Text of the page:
Because they are there to make use of what the food industry does not want, they can be a repository for anything from the most banal to foie gras parfait and rib-eye steaks.

Lindsay Boswell, the charity’s chief executive, makes no secret of the fact that the original motive was making better use of the environment. “We started out purely interested in liberating waste,” he says. “We are an environmental charity that gets bloody angry about food being wasted.”

Hence much of the early effort lay in getting the supermarkets to admit they were wasting food, and to make use of the surplus rather than use landfill sites to get rid of it.

Despite FareShare’s efforts, it estimates that it only handles 1% of the three million tonnes of food that goes to waste every year. Now, though, the work of the charity has moved on. “We’re clear that alleviation of poverty has become the side that leads. I think most people in this country would assume that generally people can feed themselves. But they can’t.” If all FareShare was concerned with was waste, he says, it could just give food away to commuters. “But that’s not what we’re about. Demand for our food is going up faster than we can source it.”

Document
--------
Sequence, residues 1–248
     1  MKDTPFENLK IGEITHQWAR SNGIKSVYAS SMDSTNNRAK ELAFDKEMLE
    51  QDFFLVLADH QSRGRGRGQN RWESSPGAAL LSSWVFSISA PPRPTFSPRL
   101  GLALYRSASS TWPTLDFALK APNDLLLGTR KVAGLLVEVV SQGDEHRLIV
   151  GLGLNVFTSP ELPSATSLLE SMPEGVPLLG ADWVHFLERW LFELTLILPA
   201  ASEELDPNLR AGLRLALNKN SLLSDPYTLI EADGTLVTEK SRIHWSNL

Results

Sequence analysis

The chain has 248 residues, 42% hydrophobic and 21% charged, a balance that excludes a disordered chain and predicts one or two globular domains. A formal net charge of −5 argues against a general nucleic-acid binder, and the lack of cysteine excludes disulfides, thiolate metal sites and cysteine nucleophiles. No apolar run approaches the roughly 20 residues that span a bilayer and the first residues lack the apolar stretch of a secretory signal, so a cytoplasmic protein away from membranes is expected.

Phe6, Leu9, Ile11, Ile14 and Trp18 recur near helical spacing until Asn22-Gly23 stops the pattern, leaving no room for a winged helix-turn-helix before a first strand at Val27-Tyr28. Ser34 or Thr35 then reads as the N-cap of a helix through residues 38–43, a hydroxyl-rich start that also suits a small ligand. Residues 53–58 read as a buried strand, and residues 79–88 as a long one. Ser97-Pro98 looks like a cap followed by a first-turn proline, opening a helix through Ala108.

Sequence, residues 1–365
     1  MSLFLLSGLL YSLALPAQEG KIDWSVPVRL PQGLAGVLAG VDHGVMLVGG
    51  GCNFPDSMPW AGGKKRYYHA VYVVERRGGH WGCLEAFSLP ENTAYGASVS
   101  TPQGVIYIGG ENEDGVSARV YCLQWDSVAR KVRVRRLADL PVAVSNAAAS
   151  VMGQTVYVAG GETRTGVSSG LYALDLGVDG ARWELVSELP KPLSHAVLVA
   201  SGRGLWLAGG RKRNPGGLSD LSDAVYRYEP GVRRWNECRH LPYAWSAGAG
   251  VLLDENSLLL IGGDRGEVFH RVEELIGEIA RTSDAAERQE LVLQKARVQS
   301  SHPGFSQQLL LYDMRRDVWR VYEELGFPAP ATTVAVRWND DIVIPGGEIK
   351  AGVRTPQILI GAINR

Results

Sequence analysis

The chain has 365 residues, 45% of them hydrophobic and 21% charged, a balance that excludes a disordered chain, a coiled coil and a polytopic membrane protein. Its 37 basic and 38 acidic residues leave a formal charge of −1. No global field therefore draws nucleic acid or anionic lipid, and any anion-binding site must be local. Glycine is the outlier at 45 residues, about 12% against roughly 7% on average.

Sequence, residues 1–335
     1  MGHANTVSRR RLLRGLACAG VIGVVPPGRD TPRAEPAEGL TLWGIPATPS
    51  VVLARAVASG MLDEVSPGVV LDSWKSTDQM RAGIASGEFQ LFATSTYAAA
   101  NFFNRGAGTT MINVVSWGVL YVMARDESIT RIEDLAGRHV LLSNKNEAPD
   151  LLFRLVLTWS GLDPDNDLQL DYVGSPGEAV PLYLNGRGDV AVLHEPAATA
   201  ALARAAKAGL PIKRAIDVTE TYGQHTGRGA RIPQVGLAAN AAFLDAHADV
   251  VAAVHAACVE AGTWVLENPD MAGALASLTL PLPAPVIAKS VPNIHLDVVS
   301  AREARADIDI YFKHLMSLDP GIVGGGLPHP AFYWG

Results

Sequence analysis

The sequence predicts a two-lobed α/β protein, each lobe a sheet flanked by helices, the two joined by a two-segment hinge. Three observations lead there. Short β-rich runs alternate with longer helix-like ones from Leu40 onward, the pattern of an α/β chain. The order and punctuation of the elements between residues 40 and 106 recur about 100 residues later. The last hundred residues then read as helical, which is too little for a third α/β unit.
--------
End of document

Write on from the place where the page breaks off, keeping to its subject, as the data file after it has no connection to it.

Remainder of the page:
Its findings are backed by the experiences of the Trussell Trust, a Salisbury-based charity that runs around 100 food banks all over the country, providing emergency supplies to people referred by frontline social services and care agencies. In the past year, it has seen a 50% increase in the number of people the food banks are feeding, from 41,000 a year to 61,500. Part of that, the trust says, is simply due to the expansion of the charity’s work.

“But there is also a definite increase in need,” says Jeremy Ravn, the charity’s food bank network director. “We’re seeing a larger number of younger people who are unable to find work. But there’s also an increase in those who were, for want of a better term, normal working people. Those who have lost jobs or who were running their own businesses and still need to feed their families.”

The problem, he says, is a failure by the welfare state to react quickly enough to need. “There can be a terrible lag between an application for benefits being accepted and the money coming on stream.”

Martin Caraher, professor of food policy at City University London, says recent research confirms what both the Trussell Trust and FareShare are seeing. “There are around 13 million people in Britain living in poverty, which is defined as earnings of 60% of the national average. Of those, four million are suffering nutritionally related consequences. And the big new group who are really suffering are working families.”